Two-Thirds Man, One-Third Nature: The Ecology of Gilgames
A talk by Dr. Rachel Bruzzone (Bilkent University, CCI)
Wednesday, 23 March 2022, 5:30 PM
The awakening of man from animal innocence, the chopping down of a forest, a devastating global flood—the epic Gilgamesh is filled with stories preoccupied with the relationship between man and the environment. In this paper, I will present a critical reading of the epic of Gilgamesh, designed to facilitate an ecological understanding of the epic for use in the classroom. Despite the epic’s antiquity, I will argue that it reveals a deep concern with how humanity can resolve the tension between human civilization and the natural world. I suggest that, similar to Shelley’s Frankenstein, this poem encourages the reader to question the limited perspectives of its own main characters. The “factual” details of the narrative conflict with the tone of the poem and the interpretations adopted by Enkidu and Gilgamesh. For example, the narrative suggests that assault on Humbaba and the Cedar Forest is not heroic at all but a transgressive and even sacrilegious act. This gratuitous violence epitomizes humanity’s alienation from, and hostility toward, nature, one of the central aspects of civilization as it is defined through the “taming” of Enkidu. The second half of the text, however, suggests that, however much we may violate nature, we ultimately are subject to it in the inevitability of death. Only by accepting the human dimensions of his life, and in particular the fact that he will die, can Gilgamesh transform from the wild and destructive young man we first meet into the wise and community-oriented king that the proem of the text assures us he will become.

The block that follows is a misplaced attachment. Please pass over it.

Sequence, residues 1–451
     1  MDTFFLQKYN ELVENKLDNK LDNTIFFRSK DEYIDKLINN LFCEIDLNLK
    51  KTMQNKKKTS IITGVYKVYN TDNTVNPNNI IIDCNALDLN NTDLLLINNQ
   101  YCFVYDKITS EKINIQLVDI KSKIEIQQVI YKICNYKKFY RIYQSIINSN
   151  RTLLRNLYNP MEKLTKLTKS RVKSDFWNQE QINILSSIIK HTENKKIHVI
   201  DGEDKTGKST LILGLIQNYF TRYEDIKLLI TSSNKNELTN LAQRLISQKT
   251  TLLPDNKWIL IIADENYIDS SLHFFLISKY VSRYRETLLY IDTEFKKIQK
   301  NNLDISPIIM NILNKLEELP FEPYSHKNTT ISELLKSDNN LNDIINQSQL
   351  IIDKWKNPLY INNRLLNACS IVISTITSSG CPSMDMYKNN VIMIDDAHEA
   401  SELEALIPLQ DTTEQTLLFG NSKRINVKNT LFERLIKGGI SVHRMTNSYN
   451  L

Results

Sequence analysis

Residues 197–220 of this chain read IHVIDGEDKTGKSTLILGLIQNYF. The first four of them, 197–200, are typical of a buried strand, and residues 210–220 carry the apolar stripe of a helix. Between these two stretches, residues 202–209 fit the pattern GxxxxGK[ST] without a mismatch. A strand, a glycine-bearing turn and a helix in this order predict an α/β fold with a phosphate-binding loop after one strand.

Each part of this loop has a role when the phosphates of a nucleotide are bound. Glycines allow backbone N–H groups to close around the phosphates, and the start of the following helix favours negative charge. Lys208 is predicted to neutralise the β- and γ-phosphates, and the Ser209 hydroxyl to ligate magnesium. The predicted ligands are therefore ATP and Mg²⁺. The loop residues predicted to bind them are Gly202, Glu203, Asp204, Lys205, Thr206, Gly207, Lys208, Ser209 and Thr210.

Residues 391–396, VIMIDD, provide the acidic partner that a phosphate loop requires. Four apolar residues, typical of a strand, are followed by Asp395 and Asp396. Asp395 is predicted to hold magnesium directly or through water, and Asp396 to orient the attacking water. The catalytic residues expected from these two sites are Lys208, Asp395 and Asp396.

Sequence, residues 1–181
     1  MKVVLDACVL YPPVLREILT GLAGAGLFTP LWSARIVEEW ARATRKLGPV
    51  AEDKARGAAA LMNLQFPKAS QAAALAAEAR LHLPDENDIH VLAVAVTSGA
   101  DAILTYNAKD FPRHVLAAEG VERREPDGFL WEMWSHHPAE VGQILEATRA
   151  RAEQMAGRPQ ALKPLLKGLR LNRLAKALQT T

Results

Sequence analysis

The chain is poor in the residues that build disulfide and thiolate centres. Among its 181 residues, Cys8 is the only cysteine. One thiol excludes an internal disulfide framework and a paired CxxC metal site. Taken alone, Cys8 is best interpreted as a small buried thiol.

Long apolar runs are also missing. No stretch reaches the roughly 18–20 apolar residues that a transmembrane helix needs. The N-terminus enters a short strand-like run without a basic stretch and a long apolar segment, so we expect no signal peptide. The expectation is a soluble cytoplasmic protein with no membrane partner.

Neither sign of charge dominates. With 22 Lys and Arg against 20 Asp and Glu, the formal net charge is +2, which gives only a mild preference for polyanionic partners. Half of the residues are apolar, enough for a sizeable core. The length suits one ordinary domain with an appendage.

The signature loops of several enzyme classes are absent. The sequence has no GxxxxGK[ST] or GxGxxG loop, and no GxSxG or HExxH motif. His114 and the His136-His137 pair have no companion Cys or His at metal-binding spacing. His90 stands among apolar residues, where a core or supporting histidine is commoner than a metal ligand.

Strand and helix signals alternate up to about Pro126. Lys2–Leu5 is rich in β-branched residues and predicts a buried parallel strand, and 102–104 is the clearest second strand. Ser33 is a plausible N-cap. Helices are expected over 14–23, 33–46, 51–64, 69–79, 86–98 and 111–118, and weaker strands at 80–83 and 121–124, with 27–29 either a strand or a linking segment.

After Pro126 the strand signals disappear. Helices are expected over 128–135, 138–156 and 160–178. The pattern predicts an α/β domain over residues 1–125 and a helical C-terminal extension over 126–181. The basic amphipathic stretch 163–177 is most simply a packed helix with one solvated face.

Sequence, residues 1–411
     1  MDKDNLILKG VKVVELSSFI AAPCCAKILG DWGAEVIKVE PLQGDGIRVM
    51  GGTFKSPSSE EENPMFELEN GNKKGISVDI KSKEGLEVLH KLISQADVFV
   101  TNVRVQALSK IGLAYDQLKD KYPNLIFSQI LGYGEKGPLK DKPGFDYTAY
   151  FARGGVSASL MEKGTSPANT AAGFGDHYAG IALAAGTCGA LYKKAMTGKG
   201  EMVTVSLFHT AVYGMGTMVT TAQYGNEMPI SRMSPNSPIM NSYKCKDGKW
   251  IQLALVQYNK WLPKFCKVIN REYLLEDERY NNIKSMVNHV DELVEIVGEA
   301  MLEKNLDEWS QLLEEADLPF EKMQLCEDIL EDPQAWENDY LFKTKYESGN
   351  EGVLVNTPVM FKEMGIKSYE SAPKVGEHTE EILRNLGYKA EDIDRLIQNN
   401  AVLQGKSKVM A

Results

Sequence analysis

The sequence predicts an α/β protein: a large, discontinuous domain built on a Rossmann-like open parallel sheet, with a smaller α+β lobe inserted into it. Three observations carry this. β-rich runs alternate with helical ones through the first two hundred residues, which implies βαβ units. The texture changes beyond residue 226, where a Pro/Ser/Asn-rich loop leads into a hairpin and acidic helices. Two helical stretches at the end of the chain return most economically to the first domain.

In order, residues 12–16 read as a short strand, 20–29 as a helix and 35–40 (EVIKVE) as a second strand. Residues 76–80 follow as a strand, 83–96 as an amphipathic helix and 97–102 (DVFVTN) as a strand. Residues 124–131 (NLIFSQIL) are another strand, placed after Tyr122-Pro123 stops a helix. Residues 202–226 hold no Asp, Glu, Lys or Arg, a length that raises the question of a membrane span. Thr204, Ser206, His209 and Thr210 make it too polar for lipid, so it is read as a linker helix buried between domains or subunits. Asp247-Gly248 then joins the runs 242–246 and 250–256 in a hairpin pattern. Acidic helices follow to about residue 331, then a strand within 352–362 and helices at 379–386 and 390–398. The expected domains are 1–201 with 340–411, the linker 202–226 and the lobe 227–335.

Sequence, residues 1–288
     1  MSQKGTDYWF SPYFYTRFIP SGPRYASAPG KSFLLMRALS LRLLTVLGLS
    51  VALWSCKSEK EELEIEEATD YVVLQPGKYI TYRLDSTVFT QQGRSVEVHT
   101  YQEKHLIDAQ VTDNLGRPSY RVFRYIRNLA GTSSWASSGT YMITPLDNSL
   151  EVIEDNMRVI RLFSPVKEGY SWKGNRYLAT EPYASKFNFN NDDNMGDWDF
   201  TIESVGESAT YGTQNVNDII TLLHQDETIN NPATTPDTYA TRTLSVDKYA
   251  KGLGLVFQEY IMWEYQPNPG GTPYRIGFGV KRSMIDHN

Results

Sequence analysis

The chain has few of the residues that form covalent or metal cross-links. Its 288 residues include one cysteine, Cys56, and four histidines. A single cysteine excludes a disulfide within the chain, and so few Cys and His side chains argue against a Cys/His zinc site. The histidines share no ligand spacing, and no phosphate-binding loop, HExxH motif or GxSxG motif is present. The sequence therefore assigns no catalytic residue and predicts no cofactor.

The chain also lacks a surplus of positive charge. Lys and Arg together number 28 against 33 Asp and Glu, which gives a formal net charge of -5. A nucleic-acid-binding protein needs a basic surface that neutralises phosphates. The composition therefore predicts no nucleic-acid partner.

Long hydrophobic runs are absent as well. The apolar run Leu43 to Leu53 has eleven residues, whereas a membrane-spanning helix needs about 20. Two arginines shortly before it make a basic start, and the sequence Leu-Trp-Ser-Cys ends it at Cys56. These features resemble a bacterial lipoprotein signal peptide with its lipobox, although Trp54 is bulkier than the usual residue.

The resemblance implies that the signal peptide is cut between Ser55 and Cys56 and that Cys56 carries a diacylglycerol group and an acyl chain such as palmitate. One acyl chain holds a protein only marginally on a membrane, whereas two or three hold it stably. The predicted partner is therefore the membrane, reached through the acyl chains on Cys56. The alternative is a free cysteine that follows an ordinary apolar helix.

This talk is a part of CCI’s Sustainability initiative. It is the first in a series of talks across humanities departments this year.